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Provident Financial tanks, 800,000 families face crisis

Peter Crook, CEO of Provident Financial, resigned in disgrace yesterday as the company’s stocks crashed

Hundreds of thousands of struggling families have been left in limbo by a mounting crisis at doorstep lender Provident Financial.

Shares in the business crashed by 66 per cent yesterday after bosses admitted that a software bug has made it impossible to collect debts from customers.

It is believed to be the biggest ever one-day stock price fall for a firm in the blue chip FTSE 100 index, wiping £1.7billion off its value.

The company’s chief executive, Peter Crook, resigned in disgrace.

The firm was also forced to announce its door-to-door loan division would lose up to £120million this year, and it will be axing its dividend. 

In a shock update to the stock market, Provident revealed it was being investigated over a potential mis-selling scandal which could ultimately cost up to £140million.

Analysts have been closely watching the 137-year-old company, which targets customers with poor credit history, because any problems with repayments are likely to be an early warning sign that Britain’s debt bubble is about to burst.

Most of its 2.5million customers are among the most vulnerable in society. Many do not qualify for standard bank loans and are categorised as ‘sub-prime’.

Bradford-based Provident’s woes began when it launched a £21.6million overhaul of its doorstep collection business – an operation with 801,000 customers who are typically charged annual interest rates of 535 per cent.

The company got rid of 4,500 freelance debt collectors and planned to hire 2,500 full-time staff to replace them.

However, a recruitment campaign initially fell flat and it was forced to warn two months ago that it had a shortage of staff.

A new computer system was also introduced to make it easier for appointments to be scheduled. But instead of improving efficiency, it has made things far worse because bugs mean meetings are arranged at the wrong time and employees are not sure when they are meant to meet clients.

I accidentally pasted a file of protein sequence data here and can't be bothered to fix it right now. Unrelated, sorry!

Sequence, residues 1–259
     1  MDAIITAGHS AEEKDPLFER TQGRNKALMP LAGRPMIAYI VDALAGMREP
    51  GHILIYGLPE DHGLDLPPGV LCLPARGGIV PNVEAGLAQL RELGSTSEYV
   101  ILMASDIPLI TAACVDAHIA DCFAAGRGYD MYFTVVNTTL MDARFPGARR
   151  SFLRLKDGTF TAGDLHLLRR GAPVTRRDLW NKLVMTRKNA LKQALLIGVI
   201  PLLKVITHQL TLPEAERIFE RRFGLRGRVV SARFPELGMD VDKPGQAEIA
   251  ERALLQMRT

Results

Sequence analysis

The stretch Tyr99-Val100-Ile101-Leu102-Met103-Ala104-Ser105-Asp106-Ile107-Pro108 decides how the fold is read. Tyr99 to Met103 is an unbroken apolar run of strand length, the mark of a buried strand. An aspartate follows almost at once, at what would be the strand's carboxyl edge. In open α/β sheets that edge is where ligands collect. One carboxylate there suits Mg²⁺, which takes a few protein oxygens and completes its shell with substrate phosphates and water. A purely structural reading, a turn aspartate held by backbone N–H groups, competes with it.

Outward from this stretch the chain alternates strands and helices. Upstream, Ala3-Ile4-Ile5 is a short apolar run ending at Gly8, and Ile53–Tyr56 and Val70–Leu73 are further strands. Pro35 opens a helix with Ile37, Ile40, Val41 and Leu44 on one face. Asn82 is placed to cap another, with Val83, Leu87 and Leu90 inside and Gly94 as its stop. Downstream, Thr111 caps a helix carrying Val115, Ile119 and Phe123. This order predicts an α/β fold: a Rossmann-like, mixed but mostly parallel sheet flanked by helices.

In total £1.7billion was wiped off the value of the lender, which deals with some of the most vulnerable in society, marking the biggest one-day fall in a blue-chip FTSE 100 firm ever

In total £1.7billion was wiped off the value of the lender, which deals with some of the most vulnerable in society, marking the biggest one-day fall in a blue-chip FTSE 100 firm ever

The problem is so bad that only 57 per cent of debts are being collected on time, as opposed to the 90 per cent normally picked up.

It is also far more difficult to lend out new cash, with weekly lending £9million lower than it was this time last year.

Customers whose payments are late because of the disaster will not be charged extra interest or hit with any financial penalties.

However, many rely on regular visits from Provident staff for credit to tide them over – meaning the scheduling chaos could leave them dangerously short of cash.

Chairman Manjit Wolstenholme, who has taken over day-to-day running of the company after Mr Crook’s departure, said: ‘We’ve got people on the ground, but we have issues with the software being used by them. Agents are turning up at the wrong time when customers aren’t there.

‘It’s not behaving because the data that’s in there isn’t good enough for what we need to do. This is something we should be able to do something about.’ And in a second major bombshell, Provident also revealed that the Financial Conduct Authority is investigating possible mis-selling claims at its credit card business Vanquis Bank.

It has 1.6million customers, and in addition to letting them borrow money it offers a product called a repayment option plan.

This allows borrowers to pay a monthly fee so they can freeze their account without incurring extra interest if they run into financial difficulties.

About a third of Vanquis customers are believed to have bought the product and they typically pay almost £155 a year for it. 

Ex-BHS boss charged over penisons

Dominic Chappell, 50, is accused of not complying with the Pensions Regulator over the collapse of BHS

Dominic Chappell, 50, is accused of not complying with the Pensions Regulator over the collapse of BHS

The former owner of BHS is to be prosecuted by the pensions watchdog for allegedly failing to provide information about the department store’s retirement fund.

Dominic Chappell, 50, is accused of not complying with three demands from the Pensions Regulator, which is investigating the sale and collapse of the 88-year-old high street chain.

BHS plunged into administration in April last year just 13 months after serial bankrupt Chappell’s firm Retail Acquisitions bought it from Sir Philip Green for £1 – despite having no retail experience.

The collapse of BHS with a £571million black hole in its pension fund led to the loss of 20,000 jobs and threw the retirement plans of thousands of former workers into doubt.

After months of wrangling, Sir Philip agreed to help plug the hole in the retirement fund with £363million of his own money.

But Chappell will face magistrates next month on three charges of failing to provide information in response to notices issued under the Pensions Act 2004. This is a criminal offence that could lead to an unlimited fine.

Frank Field, chairman of the Commons Work and Pensions Committee, said yesterday: ‘Why was Sir Philip Green allowed to get away with an inadequate settlement, in which pensions have been cut, yet Chappell is being sued? I’ll be consulting Commons lawyers on when I can begin to unlock that puzzle.’


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